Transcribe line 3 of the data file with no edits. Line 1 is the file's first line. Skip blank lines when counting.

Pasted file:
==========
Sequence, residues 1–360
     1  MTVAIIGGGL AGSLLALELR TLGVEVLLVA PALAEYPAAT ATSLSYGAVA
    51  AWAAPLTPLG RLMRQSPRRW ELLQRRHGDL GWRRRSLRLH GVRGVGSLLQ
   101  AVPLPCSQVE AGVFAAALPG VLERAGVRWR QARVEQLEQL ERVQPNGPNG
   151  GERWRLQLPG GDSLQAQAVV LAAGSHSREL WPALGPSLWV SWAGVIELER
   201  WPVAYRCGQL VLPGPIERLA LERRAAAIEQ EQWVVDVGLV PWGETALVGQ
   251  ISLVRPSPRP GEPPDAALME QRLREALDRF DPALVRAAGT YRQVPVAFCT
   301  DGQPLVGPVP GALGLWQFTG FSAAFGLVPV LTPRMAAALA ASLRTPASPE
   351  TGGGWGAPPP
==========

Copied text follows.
    51  AWAAPLTPLG RLMRQSPRRW ELLQRRHGDL GWRRRSLRLH GVRGVGSLLQ